No Jewish Camp this Summer, Now What?

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The author writes: “Camp changed my life. It can still change yours even if there’s no camp this summer.”
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By: Tzivi Nochenson

I was a camp kid. I counted down the days until the school year ended. Freedom from school, early wake ups, endless homework and the constant grind.

From the age of 10 my summers were filled with weeks away from home at Jewish summer camp. Camp was my heart and soul. Until this day, a part of me wishes I could stuff those duffle bags full, find the perfect shower caddy and put together a stationary box for letters.

As I was getting ready for Shabbat a few weeks ago, I heard the news that one of the camps I attended would be closed this summer due to COVID-19. I couldn’t believe it. Hundreds of children would have their hearts broken.

A t-shirt from Camp Betar in Neversink, NY in the Catskills region. Throughout the 1940s until the late 1970s, Camp Betar offered thousands of kids an opportunity to reconnect with their Jewish heritage and a love of Zionism. Photo Credit: Facebook

The cancelation of camp is more than just a loss of activities, games and opportunities. For many Jewish kids this is their chance to have Jewish experiences and make Jewish connections. Jewish songs, Israeli staff members, Hebrew words, Shabbat dinner and services, a pride and sense of identity bigger than oneself; a community. As someone who attended public school with a small Jewish population, all of those summers I spent at camp filled with positive memories planted the seeds for the life I live now.

At camp I learned that being Jewish meant more than bagels and lox. It meant being a part of something so much bigger. I discovered that Judaism could actually be relevant to me.

Shabbat felt special at camp. Everyone showered, dressed nicely and the activities were different. It had a unique feel. When I would spend my first Friday night at home after camp was over, I used to lament at how I missed those special camp Shabbats. The feeling in the air on Shabbat at camp was truly one of a kind.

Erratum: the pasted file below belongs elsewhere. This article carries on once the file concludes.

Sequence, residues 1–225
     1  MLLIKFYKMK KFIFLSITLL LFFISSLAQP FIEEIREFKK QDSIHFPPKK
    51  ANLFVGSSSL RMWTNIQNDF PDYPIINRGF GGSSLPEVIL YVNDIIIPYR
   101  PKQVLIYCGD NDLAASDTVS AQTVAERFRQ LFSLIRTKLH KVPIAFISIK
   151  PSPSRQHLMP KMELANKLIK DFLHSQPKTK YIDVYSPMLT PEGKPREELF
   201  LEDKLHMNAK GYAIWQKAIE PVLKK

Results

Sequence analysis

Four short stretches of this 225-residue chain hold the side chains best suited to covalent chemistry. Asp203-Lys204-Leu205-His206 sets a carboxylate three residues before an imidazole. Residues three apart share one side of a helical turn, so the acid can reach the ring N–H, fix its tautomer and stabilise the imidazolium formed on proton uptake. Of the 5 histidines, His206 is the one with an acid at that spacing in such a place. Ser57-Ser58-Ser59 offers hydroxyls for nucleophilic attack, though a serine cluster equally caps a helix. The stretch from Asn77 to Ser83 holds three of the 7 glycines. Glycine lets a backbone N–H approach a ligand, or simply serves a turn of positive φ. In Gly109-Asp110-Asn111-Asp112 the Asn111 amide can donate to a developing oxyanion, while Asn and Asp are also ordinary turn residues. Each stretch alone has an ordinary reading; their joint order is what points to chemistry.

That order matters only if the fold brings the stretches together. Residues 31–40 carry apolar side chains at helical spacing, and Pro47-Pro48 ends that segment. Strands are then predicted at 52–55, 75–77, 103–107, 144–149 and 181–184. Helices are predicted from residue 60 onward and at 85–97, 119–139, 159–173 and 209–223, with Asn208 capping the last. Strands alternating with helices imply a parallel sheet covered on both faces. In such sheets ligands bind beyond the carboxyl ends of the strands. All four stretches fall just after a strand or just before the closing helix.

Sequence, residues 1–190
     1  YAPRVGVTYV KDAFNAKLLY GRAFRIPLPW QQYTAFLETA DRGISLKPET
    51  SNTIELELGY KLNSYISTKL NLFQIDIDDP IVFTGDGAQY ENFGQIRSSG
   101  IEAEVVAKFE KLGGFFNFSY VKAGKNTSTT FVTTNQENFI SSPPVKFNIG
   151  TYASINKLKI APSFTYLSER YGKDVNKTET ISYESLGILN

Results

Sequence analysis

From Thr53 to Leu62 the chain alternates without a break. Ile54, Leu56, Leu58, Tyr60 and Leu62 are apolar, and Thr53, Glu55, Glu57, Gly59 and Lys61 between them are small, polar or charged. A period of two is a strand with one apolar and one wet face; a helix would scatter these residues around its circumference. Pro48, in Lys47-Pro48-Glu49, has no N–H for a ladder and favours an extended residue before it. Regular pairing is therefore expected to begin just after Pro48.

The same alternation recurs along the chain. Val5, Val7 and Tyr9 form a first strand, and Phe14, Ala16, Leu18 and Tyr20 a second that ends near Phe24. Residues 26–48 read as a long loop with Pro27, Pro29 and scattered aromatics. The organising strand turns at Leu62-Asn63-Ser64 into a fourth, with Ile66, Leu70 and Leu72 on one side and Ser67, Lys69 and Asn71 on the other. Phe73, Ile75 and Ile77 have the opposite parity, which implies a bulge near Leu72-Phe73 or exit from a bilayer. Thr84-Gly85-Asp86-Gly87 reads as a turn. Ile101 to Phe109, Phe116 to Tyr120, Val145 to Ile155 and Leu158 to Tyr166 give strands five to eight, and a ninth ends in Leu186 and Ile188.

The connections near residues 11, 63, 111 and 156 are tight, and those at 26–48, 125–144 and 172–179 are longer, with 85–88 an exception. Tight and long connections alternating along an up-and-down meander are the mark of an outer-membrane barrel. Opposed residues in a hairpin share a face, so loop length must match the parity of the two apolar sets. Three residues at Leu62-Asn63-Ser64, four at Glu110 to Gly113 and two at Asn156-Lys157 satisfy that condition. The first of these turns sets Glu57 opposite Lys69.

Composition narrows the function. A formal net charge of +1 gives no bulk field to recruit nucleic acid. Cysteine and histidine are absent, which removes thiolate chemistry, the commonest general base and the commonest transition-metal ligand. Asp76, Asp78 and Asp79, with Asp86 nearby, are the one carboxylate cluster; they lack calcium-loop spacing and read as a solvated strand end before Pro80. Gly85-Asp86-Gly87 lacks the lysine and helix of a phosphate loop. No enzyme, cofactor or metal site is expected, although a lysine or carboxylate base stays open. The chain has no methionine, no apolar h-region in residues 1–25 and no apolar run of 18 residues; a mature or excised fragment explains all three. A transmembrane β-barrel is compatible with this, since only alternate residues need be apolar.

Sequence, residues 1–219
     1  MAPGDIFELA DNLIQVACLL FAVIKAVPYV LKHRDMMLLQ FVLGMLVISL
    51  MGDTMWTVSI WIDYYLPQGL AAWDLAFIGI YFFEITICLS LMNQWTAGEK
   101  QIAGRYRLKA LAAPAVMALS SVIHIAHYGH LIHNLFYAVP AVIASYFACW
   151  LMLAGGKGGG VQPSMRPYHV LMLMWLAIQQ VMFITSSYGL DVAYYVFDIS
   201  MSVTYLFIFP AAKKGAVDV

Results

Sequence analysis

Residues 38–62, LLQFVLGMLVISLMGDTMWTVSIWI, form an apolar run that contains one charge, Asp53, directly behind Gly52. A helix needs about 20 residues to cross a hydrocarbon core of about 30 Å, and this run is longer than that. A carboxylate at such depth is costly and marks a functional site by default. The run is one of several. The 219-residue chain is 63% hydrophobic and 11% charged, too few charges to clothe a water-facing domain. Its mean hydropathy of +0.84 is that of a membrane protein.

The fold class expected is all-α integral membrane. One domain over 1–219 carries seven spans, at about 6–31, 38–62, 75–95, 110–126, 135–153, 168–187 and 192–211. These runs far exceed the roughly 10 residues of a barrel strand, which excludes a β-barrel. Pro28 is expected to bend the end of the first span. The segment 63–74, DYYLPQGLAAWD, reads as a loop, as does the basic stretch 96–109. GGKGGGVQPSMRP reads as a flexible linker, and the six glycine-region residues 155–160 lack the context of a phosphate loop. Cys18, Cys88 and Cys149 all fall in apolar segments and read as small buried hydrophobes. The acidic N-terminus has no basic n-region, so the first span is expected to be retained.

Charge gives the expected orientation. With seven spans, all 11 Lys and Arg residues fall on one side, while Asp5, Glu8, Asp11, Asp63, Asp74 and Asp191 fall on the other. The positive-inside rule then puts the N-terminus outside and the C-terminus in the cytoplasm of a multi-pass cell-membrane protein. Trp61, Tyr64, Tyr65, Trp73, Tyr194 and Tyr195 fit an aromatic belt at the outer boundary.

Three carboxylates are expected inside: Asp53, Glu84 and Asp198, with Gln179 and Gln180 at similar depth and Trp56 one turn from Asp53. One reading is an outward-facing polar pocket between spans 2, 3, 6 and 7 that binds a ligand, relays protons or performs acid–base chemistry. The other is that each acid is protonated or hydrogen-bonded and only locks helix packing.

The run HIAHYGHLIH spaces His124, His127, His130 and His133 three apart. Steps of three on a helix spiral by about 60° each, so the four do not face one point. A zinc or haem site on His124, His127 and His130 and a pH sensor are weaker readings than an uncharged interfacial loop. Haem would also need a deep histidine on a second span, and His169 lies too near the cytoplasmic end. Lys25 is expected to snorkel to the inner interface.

Almost 15 years later, as I light my Shabbat candles in my home in Israel, I am taken back to those experiences and feelings many summers ago. I can still picture myself walking arm in arm with camp friends down the long gravel path overlooking the lake that led us from the serene Shabbat mood in the dining hall, to the lively and upbeat services that awaited us in the Chapel. I learned at camp that being proud to be Jewish is a beautiful thing.

At camp, I met many other Jews who became best lifelong friends. Since I wanted the opportunity to relive that sense of Jewish camaraderie and see my friends throughout the year, I got involved in various Jewish community opportunities, including traveling to Israel.

As I built on those positive Jewish experiences growing up, I found myself growing closer to Torah Judaism. Today I am a committed observant Jew. I am happily married, living with my kippah-wearing husband and two beautiful children in Israel. I live in a thriving community of other committed Jews and we care for one another in many ways. As a wife and mother, I aim to infuse Judaism into my home each day and use the Torah’s incredible framework of wisdom as our guide. I am grateful to wake up each morning and know I am a part of something much bigger than myself.

Jewish summer camp shaped my life and as campers across the globe are left without their Jewish home this summer, I mourn with them. The loss is real.

I encourage parents and campers to build on that loss and inspire themselves to keep camp alive this summer. Whether camp has everyone wear white on Friday nights or serves a special dish on Saturday, bring that experience home. Perhaps take an online tour of a site in Israel, since many camps aim to recreate the Western Wall and the Dead Sea in their Israel programming. Keep up with camp friends and make a “Zoom” cabin. Whether it is songs, dress, food, a certain activity, or a certain person, figure out a way to keep it in the picture this summer. Infuse a little bit of camp in daily life and create positive Jewish experiences at home. If parents and campers can keep the spirit of camp alive, they will grow together.

At the end of camp tears would stream down our faces as we had to say goodbye. The staff at camp used to tell us, “It’s not goodbye, it’s only see you soon.” So remember, it is not goodbye to camp this summer; it’s only see you soon.

   (Aish.com)

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